The chapel was built for the local Roman Catholic community by Henry Williams and was the first church built in the county after its establishment in 1850. The chapel served the community for 91 years, and among its congregation included guests of William Randolph Hearst, Marion Davies, Gary Cooper and Bing Crosby. The cemetery is the final resting place of many Cambria pioneers, including the Phelans, Pereiras, Cantuas and Fiscalinis.
The chapel was built on land that belonged to Mission San Miguel. After secularization of the missions in the 1830s and 1840s, land grants were given to prominent citizens, with Rancho Santa Rosa going Don Julian Estrada and Rancho San Simeon to Don Jose Ramon Estrada.
Don Julian Estrada and his wife, Dona Nicolasa opened their home, guest quarters and gardens near the intersection of Highway 1 and Highway 46 to accommodate the Catholic ceremonies in the area as area residents had no other place to worship. Priests from Mission San Luis Obispo and from Mission San Miguel celebrated mass and conducted marriages, baptisms and funerals at the Estrada compound.
Following the Mexican-American War, land between Rancho Santa Rosa and Rancho San Simeon was declared public land, and Jeffrey Phelan staked his claim. He later sold the site of the present day Santa Rosa Chapel and Cemetery to the Los Angeles-Monterey Diocese for 100 gold coins.
In 1871, the chapel was built of local pine on a hill overlooking Cambria, the present day East Village. The building was constructed of locally grown pine and was dedicated to St. Rose of Lima. After the missions, it was the first Catholic church built in California. Priests from both the Mission San Luis Obispo and the Mission San Miguel traveled to Cambria (weather permitting) to conduct services.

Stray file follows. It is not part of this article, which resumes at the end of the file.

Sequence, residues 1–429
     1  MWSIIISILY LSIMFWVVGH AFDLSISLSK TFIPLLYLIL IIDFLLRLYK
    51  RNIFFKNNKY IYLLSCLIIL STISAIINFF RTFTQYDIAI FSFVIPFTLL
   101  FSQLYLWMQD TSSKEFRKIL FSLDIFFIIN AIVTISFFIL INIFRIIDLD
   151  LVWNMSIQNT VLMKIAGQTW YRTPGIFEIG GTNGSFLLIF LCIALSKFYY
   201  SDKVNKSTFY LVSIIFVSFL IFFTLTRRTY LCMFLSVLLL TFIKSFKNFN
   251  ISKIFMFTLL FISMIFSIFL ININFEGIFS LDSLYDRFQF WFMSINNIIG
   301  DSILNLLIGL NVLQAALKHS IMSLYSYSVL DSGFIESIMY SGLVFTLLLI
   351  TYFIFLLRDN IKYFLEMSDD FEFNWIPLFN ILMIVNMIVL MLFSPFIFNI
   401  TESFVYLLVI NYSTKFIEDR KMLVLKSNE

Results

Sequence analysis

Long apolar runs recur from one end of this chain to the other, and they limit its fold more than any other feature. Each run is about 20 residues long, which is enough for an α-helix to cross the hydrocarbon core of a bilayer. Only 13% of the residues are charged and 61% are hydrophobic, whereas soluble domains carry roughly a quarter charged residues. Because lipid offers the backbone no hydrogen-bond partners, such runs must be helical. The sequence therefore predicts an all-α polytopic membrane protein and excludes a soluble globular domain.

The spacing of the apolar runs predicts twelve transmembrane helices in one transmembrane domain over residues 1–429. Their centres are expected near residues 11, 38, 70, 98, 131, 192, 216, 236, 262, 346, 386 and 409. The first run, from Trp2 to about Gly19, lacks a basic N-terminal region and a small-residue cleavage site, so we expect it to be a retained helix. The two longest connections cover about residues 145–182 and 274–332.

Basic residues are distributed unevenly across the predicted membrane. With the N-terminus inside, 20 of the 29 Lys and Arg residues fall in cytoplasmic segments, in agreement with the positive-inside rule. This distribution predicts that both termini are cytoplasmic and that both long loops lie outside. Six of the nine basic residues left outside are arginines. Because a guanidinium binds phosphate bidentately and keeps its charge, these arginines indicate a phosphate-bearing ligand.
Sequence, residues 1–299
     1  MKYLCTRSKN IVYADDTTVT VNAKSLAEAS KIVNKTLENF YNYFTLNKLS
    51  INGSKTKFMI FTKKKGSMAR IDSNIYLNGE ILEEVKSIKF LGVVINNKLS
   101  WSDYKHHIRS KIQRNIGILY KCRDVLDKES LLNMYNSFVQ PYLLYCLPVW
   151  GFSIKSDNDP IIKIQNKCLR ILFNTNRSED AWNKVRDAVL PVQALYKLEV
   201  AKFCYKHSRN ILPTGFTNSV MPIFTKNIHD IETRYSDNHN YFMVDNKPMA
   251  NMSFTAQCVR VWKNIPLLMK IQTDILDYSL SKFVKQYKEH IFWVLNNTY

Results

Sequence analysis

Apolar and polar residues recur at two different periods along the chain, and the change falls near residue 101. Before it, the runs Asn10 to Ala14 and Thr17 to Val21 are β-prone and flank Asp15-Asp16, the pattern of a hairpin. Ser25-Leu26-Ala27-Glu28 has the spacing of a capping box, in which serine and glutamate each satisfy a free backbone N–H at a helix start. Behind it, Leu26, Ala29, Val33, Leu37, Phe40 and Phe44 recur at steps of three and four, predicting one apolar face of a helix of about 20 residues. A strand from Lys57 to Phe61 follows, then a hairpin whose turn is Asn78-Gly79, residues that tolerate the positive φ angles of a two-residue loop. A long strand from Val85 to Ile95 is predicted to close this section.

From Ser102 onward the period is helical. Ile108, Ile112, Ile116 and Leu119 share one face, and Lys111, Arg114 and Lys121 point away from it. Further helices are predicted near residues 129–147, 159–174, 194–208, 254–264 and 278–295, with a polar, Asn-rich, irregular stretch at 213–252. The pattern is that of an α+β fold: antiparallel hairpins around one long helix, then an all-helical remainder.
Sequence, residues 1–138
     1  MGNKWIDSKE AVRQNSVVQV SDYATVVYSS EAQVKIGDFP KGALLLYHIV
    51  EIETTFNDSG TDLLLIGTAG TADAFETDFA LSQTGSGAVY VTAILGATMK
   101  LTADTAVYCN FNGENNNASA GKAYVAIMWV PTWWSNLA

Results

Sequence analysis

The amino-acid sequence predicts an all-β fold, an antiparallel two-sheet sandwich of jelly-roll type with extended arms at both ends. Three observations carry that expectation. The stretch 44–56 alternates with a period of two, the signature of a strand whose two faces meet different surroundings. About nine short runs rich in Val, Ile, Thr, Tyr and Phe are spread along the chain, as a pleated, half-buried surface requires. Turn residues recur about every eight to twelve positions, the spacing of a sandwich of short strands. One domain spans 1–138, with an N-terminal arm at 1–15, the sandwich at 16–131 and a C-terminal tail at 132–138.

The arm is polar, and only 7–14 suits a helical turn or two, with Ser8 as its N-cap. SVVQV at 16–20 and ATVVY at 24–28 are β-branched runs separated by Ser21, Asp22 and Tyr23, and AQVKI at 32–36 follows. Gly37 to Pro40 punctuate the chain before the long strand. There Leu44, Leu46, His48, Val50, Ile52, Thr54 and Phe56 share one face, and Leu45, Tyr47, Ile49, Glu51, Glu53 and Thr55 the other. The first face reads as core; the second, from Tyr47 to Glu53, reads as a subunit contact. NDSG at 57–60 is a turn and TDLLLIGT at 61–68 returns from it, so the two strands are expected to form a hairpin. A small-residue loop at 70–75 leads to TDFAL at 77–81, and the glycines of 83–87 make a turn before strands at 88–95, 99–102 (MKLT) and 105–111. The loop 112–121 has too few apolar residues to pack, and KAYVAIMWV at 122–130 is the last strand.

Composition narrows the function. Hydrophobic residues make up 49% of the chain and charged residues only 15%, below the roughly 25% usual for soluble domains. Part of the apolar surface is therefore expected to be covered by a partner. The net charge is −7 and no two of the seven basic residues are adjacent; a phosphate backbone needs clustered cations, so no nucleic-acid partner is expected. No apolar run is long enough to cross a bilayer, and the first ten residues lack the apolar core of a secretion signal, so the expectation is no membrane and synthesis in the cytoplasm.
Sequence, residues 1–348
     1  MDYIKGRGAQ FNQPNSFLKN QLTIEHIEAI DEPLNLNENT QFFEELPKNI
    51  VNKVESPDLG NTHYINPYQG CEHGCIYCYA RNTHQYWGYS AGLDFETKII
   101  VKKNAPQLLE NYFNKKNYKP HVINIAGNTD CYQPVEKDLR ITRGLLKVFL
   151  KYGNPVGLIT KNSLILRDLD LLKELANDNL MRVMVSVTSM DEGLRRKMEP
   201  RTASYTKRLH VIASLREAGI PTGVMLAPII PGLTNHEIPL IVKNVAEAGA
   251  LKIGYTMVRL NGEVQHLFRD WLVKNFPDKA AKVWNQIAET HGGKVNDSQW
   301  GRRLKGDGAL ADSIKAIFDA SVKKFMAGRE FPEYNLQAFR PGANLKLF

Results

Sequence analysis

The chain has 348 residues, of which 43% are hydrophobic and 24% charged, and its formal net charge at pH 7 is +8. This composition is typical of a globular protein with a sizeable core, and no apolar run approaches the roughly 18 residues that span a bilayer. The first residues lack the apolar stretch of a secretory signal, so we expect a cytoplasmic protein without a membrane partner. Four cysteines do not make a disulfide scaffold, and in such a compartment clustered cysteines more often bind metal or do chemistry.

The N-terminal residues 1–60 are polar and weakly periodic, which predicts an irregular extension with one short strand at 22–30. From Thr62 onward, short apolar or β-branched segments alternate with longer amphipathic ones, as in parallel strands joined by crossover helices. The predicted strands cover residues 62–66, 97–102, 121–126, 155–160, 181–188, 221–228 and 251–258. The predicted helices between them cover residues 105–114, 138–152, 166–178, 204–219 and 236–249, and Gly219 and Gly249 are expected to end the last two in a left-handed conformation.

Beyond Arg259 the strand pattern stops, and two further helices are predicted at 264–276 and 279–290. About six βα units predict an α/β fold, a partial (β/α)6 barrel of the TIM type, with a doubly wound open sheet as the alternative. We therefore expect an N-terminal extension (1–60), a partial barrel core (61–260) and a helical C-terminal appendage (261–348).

Santa Rosa Chapel and St. Joseph Church in Cayucos shared a priest until 1960, when the chapel became an independent parish. The chapel's final regular mass was celebrated in 1963 when the new, modern and much larger Santa Rosa Catholic Church opened. The chapel remained empty and unused, vandalized for many years until 1978 when Clementine Newman organized a committee to restore and protect it.
By 1985 the restoration was complete. Brush and trees had been removed and a fence and gate added. Workers raised and restored the foundation, replaced siding on the north and east sides, installed new window panes and a new floor and replaced much of the wainscoting. They rebuilt the floors, communion rail, confessional, side altars, and the iron fence and gateway at the cemetery. The committee restored curbing around family plots and placed redwood markers on unmarked graves. They bought pews from Holy Cross Church in Santa Cruz and even found the original 1871 altar in a Phelan barn.
Fundraising continues today for restoration and maintenance of the chapel. It is available for weddings, memorial services, concerts and events. Additional funds are raised by the annual polenta dinner and candlelight Christmas program.
Visit the official website: www.santarosachapel.com